A groundbreaking account of the Soviet invasion of Afghanistan as seen through the eyes of the men who fought it, from NPR's Moscow correspondent.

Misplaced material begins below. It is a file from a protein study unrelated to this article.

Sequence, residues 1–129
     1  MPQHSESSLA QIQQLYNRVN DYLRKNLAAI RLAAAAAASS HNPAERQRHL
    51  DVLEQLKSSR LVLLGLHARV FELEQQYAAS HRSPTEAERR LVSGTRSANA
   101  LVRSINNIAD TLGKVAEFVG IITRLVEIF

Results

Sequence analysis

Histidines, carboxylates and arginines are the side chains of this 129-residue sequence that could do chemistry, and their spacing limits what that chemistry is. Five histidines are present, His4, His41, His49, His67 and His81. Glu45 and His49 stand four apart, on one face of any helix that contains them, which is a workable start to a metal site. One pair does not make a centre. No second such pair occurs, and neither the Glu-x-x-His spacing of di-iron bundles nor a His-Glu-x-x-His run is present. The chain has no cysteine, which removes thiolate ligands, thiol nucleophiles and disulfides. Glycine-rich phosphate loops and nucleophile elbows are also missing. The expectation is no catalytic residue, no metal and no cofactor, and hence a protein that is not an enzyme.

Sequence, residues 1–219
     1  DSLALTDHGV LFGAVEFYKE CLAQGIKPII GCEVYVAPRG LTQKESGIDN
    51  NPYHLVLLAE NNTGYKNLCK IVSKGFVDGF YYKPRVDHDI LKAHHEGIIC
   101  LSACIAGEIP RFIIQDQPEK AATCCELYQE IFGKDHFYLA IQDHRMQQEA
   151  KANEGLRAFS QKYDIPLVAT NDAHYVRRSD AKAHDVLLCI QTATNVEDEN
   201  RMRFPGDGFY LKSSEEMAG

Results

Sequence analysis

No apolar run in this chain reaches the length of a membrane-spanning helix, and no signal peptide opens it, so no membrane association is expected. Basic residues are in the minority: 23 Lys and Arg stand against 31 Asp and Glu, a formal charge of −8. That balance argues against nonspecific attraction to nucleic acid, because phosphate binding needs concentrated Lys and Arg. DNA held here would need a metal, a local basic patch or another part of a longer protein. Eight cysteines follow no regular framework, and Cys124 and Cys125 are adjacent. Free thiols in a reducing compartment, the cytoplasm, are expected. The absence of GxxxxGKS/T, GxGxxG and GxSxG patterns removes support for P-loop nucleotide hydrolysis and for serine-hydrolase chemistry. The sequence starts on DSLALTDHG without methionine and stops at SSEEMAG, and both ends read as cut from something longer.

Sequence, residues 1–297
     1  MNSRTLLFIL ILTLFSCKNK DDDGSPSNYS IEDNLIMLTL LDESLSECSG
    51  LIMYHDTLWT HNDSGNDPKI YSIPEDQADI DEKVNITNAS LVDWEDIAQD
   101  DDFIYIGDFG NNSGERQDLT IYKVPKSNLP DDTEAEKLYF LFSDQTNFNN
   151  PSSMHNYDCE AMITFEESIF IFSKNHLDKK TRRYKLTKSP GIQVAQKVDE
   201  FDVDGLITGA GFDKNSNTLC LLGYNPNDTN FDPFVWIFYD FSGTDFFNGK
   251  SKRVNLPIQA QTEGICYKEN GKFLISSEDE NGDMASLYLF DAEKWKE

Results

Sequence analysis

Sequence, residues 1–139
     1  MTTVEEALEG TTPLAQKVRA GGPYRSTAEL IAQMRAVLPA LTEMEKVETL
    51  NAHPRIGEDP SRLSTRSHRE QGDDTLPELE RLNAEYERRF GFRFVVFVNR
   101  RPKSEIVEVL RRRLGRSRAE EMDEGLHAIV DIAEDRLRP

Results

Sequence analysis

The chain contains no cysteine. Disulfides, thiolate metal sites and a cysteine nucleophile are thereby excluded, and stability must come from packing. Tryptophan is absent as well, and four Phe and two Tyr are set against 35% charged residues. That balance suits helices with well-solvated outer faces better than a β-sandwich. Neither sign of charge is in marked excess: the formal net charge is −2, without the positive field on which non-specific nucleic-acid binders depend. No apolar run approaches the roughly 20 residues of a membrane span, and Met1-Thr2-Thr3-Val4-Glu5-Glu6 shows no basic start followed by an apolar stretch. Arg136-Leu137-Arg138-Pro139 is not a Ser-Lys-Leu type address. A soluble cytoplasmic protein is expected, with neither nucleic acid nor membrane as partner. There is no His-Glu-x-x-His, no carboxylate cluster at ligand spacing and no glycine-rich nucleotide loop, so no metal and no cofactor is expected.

To stumble into Afghanistan is to stumble into history -- or at least to stumble into a trap laid by historians, whereby any foreign occupier of the country is compared, all too tediously, to his failed predecessors. Notice the hierarchy of these comparisons. If the historian draws parallels to the armies of Alexander the Great, he does you an honor: Alexander's empire had at least conquered the known world before Afghanistan undid it. Analogies to the Anglo-Afghan Wars and Elphinstone's army in 1842 are less flattering, and more menacing. And if the historian remarks that your unit is "just like the 154th Spetsnaz Detachment," he is saying not only that you're doomed to ignominious defeat but also that you're too historically ignorant to realize when you're being insulted.